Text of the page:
BOVINE LEUKOSIS VIRUS PATHOGENESIS

Project: Research project

Project Details

Description

The long term goal of this project is to define the mechanism(s)
of bovine leukosis virus (BLV) pathogenesis in cattle as an animal
model for human retrovirus-associated lymphoid malignancies. Our
working hypothesis is that BLV-infected T lymphocytes are pivotal
to the abnormal lymphoproliferation. This hypothesis will be
tested by extensive characterization of the tropism of BLV for
mononuclear leukocyte subpopulations and associated molecular
events that lead to lymphocytosis and/or tumor development. Cell
subpopulations from all major lymphoid compartments will be
analyzed from animals at multiple stages of disease progression
(aleukemic, lymphocytotic & tumor-bearing stages). Mononuclear
leukocyte subpopulation perturbations will be identified by flow
cytometry and immunohistology. Viral tropism for mononuclear
subpopulations will be determined by identification of cells
harboring provirus (Southern hybridization & PCR). The ability of
such cells to express BLV proteins will be determined by
immunofluorescence staining of intracellular antigen (flow
cytometry & immunohistology); evidence of cellular expression of
BLV proteins with potential cell-growth regulatory activity
(specifically the trans-activating protein, tax) will be by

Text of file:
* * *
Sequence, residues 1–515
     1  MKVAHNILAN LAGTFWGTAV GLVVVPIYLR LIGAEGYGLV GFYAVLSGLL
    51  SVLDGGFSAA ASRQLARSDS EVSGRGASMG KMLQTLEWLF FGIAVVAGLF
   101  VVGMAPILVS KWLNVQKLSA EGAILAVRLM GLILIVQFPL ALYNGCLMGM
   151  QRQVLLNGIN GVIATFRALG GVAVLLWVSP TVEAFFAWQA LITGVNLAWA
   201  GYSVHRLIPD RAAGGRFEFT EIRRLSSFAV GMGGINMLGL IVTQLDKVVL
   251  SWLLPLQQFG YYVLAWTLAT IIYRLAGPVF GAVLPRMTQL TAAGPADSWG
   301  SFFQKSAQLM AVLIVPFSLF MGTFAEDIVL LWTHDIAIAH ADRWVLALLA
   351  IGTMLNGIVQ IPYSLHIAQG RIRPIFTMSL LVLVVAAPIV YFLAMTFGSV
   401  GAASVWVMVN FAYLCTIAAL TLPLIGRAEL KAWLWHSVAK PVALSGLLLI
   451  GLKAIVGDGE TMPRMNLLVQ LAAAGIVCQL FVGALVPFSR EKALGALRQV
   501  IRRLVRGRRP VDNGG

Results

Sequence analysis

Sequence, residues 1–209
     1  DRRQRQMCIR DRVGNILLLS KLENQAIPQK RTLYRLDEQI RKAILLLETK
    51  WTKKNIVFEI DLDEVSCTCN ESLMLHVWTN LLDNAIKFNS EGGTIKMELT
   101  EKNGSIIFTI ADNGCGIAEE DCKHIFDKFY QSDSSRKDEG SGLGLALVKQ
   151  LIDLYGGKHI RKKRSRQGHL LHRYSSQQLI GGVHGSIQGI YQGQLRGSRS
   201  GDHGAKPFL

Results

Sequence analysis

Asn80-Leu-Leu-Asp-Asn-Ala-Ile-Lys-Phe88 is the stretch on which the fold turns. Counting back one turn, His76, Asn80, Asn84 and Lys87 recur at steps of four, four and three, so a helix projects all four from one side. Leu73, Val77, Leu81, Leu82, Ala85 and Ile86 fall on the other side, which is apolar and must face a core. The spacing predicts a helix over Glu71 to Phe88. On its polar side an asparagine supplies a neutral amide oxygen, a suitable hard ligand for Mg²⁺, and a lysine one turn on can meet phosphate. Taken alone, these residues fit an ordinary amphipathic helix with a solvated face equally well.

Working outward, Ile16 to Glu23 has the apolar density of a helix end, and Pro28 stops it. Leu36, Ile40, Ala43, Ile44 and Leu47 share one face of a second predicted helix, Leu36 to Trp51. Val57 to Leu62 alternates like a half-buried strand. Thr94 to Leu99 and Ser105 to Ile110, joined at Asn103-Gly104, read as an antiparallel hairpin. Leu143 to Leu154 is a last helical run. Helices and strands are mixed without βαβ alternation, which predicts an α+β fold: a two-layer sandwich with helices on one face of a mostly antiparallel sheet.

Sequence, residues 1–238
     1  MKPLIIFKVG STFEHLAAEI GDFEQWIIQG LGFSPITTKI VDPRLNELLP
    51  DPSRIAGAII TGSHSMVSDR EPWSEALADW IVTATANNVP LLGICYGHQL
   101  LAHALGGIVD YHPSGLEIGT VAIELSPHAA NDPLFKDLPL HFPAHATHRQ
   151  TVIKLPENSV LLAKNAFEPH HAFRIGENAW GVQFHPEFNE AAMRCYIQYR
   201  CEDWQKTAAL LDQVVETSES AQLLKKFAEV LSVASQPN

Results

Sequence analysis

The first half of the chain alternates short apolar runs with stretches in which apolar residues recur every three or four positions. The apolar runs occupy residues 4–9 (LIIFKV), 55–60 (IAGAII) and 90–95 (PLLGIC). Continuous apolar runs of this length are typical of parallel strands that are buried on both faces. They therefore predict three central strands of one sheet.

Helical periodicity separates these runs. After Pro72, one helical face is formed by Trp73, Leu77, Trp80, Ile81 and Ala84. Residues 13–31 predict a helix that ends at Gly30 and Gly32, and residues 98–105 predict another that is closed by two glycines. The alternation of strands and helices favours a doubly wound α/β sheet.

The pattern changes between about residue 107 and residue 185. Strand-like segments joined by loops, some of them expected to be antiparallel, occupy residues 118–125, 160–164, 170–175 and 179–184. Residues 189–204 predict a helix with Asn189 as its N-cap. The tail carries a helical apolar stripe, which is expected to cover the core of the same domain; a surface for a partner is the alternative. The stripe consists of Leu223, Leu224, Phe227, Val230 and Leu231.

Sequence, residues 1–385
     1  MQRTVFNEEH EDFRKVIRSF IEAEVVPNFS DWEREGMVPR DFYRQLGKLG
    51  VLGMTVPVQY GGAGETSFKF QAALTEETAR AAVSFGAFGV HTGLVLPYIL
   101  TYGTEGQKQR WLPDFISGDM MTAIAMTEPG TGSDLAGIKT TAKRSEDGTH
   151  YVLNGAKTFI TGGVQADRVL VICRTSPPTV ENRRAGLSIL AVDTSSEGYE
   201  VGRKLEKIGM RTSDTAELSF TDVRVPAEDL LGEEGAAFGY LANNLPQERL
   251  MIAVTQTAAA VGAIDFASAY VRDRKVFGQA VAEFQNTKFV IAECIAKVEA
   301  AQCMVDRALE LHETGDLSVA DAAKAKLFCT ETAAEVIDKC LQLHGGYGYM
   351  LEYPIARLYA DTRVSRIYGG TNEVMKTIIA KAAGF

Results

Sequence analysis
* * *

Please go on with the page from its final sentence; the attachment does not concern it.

Northern hybridization- and/or PCR-based identification of mRNA.
The genetic clonality of T and B. cells will be by identification
of Ig and TCR gene rearrangement. A role for BLV tax-driven T
lymphocyte production of B and/or T cell growth factor(s) will be
determined by functional assays as well as Northern hybridization-
and/or PCR-based identification of interleukin mRNA. Association
of all data obtained, with the state of disease progression, will
greatly increase our understanding of BLV pathogenesis and provide
additional insight, at the cellular and molecular level, into
retrovirus-mediated dysregulation of lymphocyte proliferation.
StatusFinished
Effective start/end date5/13/934/30/96

Funding

  • National Institutes of Health
  • National Institutes of Health
  • National Institutes of Health

ASJC

  • Medicine(all)

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